"I hope I could be on special teams," said Sebastian, who recorded 56 tackles -- sixth on the team -- in 2012, notching 1.5 tackles for loss, one pass break-up and one QB hurry. "It's my life. Special teams, it's one-third of the game, and sometimes it can get overlooked. It's definitely huge, and we need to get all of our best players on it next year, once again. We're going to get great coaching. We don't know who's going to be coaching special teams for us yet, but we have a lot of skilled people also coming back in that aspect, and a lot of the freshman guys that redshirted are going to step up -- Michael Barton , Damariay Drew, Hardy Nickerson -- those are just a few who were huge on scout team last year, and they're going to step up this year and really play an important role."
Improving kickoff coverage will be paramount to winning the field position battle. Last year, opposing teams receiving Cal kickoffs started their drives -- on average -- at their own 31 and a half-yard line. Of the 60 opponents' drives that started with kickoffs, 19 ended in touchdowns.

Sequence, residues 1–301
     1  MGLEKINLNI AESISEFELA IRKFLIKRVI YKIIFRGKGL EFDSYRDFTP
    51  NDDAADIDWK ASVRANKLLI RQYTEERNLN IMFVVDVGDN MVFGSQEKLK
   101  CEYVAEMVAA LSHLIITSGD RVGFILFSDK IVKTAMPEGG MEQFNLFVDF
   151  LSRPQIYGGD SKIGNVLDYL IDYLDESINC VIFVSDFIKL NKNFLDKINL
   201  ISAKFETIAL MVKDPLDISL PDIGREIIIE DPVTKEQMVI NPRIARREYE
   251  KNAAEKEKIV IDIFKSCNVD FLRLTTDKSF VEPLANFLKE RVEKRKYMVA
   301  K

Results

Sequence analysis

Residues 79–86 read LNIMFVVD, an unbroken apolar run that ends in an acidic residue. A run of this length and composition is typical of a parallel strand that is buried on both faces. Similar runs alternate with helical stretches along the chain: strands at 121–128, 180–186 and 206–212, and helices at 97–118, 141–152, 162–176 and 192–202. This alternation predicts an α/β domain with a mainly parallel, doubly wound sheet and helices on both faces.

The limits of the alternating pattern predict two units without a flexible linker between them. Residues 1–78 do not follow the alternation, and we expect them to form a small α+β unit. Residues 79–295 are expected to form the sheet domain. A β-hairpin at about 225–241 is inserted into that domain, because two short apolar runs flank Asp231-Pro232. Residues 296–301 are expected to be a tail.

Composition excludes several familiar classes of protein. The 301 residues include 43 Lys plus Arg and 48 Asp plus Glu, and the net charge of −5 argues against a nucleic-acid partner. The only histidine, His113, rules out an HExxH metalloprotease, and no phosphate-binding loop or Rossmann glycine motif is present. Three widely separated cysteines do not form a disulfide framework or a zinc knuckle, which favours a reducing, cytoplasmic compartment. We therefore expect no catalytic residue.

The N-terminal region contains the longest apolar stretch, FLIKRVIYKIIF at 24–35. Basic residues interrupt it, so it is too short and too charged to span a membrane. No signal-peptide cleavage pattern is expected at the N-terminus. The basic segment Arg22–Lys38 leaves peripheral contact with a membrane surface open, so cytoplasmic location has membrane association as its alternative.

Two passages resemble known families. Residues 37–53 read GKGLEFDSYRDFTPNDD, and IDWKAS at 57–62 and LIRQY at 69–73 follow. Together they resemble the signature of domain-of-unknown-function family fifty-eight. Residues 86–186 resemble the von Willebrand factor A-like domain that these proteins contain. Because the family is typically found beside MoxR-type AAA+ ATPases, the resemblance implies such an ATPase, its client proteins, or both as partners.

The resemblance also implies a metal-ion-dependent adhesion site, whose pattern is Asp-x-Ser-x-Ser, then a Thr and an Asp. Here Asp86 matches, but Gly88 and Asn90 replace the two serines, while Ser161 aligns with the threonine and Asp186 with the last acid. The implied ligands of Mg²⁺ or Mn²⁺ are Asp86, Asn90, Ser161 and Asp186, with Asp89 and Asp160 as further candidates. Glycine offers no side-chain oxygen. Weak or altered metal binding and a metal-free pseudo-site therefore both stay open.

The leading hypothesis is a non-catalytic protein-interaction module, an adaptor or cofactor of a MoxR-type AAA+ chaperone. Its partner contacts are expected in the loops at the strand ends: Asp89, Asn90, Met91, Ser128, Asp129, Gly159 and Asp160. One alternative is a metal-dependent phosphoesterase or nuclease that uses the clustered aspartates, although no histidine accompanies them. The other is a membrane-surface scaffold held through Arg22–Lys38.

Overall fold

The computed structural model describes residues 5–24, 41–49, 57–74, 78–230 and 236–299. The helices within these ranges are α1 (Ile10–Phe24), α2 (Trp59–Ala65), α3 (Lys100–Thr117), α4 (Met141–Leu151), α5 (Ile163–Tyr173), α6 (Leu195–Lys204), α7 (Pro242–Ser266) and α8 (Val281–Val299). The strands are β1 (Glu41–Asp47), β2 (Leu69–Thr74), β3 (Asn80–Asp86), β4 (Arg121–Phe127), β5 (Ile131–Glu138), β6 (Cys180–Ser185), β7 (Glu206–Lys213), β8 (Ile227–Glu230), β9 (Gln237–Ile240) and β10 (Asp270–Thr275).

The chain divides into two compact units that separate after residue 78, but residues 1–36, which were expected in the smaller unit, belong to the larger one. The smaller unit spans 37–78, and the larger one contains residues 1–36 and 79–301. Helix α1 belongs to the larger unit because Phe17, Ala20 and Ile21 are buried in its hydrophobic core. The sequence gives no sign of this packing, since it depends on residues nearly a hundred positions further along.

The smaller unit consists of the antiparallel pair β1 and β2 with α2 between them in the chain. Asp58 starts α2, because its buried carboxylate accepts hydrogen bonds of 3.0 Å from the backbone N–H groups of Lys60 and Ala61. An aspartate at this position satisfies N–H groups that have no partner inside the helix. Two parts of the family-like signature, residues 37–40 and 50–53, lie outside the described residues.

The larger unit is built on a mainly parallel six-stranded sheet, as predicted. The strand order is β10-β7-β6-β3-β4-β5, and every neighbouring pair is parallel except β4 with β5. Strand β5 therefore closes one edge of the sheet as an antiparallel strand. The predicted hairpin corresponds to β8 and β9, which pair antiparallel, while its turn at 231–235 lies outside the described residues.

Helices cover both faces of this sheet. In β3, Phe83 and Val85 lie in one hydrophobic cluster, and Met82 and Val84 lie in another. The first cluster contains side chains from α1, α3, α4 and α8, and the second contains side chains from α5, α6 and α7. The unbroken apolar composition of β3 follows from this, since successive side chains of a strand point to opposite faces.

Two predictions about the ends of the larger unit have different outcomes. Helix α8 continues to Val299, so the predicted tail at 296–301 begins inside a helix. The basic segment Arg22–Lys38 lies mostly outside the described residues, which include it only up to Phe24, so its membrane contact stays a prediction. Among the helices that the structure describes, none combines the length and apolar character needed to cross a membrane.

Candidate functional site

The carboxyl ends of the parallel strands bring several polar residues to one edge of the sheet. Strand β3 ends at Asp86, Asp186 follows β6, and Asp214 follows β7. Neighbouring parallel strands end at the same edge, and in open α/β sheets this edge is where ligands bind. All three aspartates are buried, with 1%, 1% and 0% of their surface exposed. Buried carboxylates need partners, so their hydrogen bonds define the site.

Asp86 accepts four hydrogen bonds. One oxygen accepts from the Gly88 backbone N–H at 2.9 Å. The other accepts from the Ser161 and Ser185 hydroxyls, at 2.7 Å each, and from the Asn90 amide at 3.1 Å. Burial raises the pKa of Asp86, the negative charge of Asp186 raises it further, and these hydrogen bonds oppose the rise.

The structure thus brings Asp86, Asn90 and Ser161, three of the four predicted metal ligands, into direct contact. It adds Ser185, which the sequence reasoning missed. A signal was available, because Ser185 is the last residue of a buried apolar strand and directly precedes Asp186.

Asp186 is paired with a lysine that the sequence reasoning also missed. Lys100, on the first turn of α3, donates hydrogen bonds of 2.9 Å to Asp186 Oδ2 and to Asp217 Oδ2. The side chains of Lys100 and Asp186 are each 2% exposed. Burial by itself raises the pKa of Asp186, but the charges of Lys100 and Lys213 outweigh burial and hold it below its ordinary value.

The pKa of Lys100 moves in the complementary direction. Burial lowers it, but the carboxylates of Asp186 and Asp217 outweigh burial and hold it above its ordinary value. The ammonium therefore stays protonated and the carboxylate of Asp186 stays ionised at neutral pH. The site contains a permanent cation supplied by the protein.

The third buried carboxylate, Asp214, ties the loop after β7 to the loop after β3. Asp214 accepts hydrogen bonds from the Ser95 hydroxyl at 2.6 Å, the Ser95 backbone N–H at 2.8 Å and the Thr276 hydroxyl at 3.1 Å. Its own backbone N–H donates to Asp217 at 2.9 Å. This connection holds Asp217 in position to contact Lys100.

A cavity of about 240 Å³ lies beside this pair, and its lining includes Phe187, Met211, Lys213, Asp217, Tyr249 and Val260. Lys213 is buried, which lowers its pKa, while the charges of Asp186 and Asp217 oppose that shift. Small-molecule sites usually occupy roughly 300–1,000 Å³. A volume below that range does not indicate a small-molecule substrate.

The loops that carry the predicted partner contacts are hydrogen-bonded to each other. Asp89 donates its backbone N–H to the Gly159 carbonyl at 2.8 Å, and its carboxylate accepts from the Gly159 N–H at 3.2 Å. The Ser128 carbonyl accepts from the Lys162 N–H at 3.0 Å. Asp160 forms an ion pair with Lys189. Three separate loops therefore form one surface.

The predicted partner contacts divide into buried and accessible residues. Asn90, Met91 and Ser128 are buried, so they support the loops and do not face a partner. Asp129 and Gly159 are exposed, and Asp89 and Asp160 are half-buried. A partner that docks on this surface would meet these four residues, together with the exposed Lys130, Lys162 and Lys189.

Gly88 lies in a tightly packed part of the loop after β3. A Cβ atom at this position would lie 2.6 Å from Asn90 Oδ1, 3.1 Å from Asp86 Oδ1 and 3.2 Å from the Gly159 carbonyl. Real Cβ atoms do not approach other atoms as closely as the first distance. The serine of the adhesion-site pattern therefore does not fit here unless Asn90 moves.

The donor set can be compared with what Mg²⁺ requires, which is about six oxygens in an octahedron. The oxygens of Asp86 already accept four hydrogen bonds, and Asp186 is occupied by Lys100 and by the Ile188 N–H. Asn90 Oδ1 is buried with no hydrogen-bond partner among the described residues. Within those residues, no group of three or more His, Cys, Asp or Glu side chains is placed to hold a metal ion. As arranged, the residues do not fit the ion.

"I'm not really in position to evaluate what's been done here in the past, nor do I really think that's necessary," says Tommerdahl. "I would say that any time you're coaching kickoff coverage, it really becomes more of a mindset. Any team is going to have good players covering kicks, and I think you need to instruct them in such a way that they can play fast and as uninhibited as possible. It all comes together. There's responsibility on the kicker, and there's responsibility on one through 10 -- the guys on the cover. I think that the kickoff coverage is often over-coached and over-complicated. That's not saying anything about what was done here in the past. It will be our intent -- number one -- it will be extremely competitive to be on the kickoff coverage team. We want guys fighting and clawing just to be on that unit, because that unit is the calling card of your organization. It's my job to make sure that they play on special teams."
As for the starting kicker job, there will be a competition between the incumbent Vincenzo D'Amato and early-enrollee Matt Anderson, who Tommerdahl cannot refer to by name, as Anderson has not yet officially enrolled.
"They both know, because I've told both of them that, that we will compete every day, and if it's close, we'll go with the older guy, so the younger guy can redshirt," Tommerdahl says. "But, the younger guy -- who I cannot address because he's not enrolled in school -- has been told that he is not coming here to redshirt. If he redshirts, then so be it. Everybody in this organization will compete every day."